The NEP-LTV Blog

September 27, 2010

This blog is an experiment to explore the feasibility of scientific discussion on an Economics blog. NEP-LTV disseminates every week new working papers in the field of Unemployment, Inequality & Poverty. Among them, the NEP-LTV editor selects one to be discussed. Everyone is invited to comment. Try to stay civil, or your comments will be removed. And encourage others to read or join in the discussion.

Dynastic human capital, inequality and intergenerational mobility

March 22, 2017


By: Adermon, Adrian (IFAU – Institute for Evaluation of Labour Market and Education Policy) ; Lindahl, Mikael (Department of Economics, University of Gothenburg; IFAU; IZA; UCLS; CESifo) ; Palme, Mårten (Department of economics, Stockholm University; IZA)
We study the importance of the extended family – or the dynasty – for the persistence in human capital inequality across generations. We use data including the entire Swedish population, linking four generations. This data structure enables us to – in addition to parents, grandparents and great grandparents – identify parents’ siblings and cousins, as well as their spouses, and the spouses’ siblings. We introduce and estimate a new parameter, which we call the intergenerational transmission of dynastic inequality. This parameter measures the between-dynasty variation in intergenerational transmission of human capital. We use three different measures of human capital: years of schooling, family income and an index of occupational status. Our results show that traditional parent-child estimates miss about half of the persistence across generations estimated by the extended model.
Keywords: intergenerational mobility; extended family; dynasty; human capital
JEL: I24 J62


An Analysis of the Labor Market for Uber’s Driver-Partners in the United States

March 22, 2017


By: Jonathan V. Hall ; Alan B. Krueger
Uber, the ride-sharing company launched in 2010, has grown at an exponential rate. This paper provides the first comprehensive analysis of the labor market for Uber’s driver-partners, based on both survey and administrative data. Drivers who partner with Uber appear to be attracted to the platform largely because of the flexibility it offers, the level of compensation, and the fact that earnings per hour do not vary much with the number of hours worked. Uber’s driver-partners are more similar in terms of their age and education to the general workforce than to taxi drivers and chauffeurs. Most of Uber’s driver-partners had full- or part-time employment prior to joining Uber, and many continued in those positions after starting to drive with the Uber platform, which makes the flexibility to set their own hours all the more valuable. Uber’s driver-partners also often cited the desire to smooth fluctuations in their income as a reason for partnering with Uber.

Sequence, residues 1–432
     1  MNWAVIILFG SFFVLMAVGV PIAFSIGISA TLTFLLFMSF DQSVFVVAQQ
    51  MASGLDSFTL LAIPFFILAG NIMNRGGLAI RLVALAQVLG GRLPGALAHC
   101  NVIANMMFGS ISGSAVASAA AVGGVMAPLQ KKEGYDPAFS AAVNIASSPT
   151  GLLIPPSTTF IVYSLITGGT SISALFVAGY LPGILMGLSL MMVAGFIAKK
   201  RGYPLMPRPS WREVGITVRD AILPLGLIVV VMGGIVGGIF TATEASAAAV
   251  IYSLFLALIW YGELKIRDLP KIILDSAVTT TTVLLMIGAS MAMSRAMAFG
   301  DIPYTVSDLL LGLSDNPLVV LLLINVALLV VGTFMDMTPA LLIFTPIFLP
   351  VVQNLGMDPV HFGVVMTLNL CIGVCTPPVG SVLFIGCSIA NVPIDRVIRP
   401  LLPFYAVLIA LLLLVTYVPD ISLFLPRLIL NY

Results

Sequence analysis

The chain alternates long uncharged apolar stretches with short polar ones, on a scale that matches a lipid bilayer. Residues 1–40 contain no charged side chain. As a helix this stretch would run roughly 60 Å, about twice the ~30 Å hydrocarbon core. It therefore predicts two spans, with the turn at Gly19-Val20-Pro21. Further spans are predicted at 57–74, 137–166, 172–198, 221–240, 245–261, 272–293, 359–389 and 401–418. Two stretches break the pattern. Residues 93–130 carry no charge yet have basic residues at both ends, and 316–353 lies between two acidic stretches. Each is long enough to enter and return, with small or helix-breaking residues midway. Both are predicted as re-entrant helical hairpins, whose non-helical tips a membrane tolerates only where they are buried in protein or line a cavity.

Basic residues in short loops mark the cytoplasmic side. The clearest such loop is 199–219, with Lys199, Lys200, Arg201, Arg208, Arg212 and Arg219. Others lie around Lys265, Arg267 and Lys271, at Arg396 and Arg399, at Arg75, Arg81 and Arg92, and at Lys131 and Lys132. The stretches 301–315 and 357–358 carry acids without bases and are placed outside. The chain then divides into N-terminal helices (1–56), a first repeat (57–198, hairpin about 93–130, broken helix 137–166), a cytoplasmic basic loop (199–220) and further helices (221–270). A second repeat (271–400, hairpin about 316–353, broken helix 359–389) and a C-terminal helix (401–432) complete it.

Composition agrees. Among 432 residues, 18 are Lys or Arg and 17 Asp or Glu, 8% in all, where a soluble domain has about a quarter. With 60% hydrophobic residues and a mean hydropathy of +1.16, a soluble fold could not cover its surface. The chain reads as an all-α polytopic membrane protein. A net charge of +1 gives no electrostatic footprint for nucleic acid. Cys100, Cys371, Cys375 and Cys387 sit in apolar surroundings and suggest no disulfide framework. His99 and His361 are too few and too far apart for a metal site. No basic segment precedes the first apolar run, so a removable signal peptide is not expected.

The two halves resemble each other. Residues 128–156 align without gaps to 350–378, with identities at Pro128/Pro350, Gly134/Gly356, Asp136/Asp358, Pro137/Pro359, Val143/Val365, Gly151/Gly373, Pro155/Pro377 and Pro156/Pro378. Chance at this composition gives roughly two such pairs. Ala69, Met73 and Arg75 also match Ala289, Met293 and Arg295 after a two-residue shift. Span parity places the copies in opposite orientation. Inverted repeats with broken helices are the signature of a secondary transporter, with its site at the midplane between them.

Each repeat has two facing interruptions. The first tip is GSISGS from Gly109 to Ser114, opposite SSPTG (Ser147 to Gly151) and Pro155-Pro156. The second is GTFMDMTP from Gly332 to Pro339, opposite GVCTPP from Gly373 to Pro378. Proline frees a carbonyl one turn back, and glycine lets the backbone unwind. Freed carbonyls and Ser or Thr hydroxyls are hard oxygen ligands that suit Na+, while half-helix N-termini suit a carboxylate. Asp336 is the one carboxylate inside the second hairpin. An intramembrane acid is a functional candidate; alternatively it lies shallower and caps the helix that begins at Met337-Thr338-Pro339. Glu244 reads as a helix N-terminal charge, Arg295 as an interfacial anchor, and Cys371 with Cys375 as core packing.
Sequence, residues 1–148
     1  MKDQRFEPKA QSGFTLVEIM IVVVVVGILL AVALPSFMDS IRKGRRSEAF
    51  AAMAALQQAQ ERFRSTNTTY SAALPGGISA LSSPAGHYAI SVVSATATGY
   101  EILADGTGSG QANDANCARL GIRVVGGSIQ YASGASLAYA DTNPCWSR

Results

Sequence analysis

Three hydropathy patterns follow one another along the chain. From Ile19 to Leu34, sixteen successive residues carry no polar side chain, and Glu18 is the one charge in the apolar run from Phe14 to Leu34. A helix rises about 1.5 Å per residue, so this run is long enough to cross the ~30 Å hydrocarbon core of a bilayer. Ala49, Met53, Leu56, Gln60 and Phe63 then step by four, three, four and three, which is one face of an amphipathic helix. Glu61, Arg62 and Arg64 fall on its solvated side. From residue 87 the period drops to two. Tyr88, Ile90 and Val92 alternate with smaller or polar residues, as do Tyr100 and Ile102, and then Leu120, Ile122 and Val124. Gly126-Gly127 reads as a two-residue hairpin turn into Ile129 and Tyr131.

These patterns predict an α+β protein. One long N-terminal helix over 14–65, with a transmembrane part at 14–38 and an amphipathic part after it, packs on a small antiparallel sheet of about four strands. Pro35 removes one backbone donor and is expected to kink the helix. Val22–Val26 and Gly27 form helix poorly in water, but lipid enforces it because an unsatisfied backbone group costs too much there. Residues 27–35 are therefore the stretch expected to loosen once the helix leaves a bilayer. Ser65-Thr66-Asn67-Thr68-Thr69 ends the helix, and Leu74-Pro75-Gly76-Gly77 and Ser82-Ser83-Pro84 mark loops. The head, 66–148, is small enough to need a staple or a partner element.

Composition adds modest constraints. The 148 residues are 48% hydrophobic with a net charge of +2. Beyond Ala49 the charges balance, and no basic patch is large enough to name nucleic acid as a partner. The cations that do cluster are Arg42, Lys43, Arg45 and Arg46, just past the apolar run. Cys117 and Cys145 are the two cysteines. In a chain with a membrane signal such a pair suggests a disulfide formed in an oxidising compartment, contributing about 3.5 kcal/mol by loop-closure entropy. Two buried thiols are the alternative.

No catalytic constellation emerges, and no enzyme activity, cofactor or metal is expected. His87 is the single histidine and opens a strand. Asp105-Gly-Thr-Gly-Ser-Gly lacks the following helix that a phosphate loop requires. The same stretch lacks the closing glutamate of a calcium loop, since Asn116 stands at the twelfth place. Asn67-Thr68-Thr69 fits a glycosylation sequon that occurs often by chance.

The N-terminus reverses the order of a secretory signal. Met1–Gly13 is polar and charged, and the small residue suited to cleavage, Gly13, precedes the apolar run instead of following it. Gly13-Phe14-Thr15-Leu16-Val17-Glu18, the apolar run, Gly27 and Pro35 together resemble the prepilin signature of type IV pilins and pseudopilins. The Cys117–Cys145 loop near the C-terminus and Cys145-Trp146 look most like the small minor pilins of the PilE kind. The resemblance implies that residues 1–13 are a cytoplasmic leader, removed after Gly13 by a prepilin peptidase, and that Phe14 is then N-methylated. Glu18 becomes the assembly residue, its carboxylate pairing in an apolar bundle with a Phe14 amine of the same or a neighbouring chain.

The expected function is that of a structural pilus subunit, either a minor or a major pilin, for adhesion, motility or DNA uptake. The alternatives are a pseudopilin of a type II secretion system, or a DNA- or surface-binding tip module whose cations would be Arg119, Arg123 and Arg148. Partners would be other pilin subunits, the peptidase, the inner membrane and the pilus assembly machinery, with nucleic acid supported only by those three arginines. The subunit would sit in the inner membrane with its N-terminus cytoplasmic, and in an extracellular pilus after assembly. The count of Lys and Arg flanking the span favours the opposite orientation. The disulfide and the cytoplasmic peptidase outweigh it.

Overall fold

JEL: J01

What’s the good of education on our overall quality of life?: a simultaneous equation model of education and life satisfaction for Australia

March 22, 2017


By: Nattavudh Powdthavee ; Warn N. Lekfuangfu ; Mark Wooden
Many economists and educators favour public support for education on the premise that education improves the overall quality of life of citizens. However, little is known about the different pathways through which education shapes people’s satisfaction with life overall. One reason for this is because previous studies have traditionally analysed the effect of education on life satisfaction using single-equation models that ignore interrelationships between different theoretical explanatory variables. In order to advance our understanding of how education may be related to overall quality of life, the current study estimates a structural equation model using nationally representative data for Australia to obtain the direct and indirect associations between education and life satisfaction through five different adult outcomes: income, employment, marriage, children, and health. Although we find the estimated direct (or net) effect of education on life satisfaction to be negative and statistically significant in Australia, the total indirect effect is positive, sizeable and statistically significant for both men and women. This implies that misleading conclusions regarding the influence of education on life satisfaction might be obtained if only single-equation models were used in the analysis.
Keywords: Australia; indirect effect; education; structural equation model; life satisfaction; HILDA
JEL: I20 I32

Individual Well-Being and the Allocation of Time Before and After the Boston Marathon Terrorist Bombing

March 22, 2017

By: Andrew Clark (PSE – Paris-Jourdan Sciences Economiques – ENS Paris – École normale supérieure – Paris – INRA – Institut National de la Recherche Agronomique – EHESS – École des hautes études en sciences sociales – École des Ponts ParisTech (ENPC) – CNRS – Centre National de la Recherche Scientifique, PSE – Paris School of Economics) ; Elena Stancanelli (PSE – Paris School of Economics, CES – Centre d’économie de la Sorbonne – UP1 – Université Panthéon-Sorbonne – CNRS – Centre National de la Recherche Scientifique)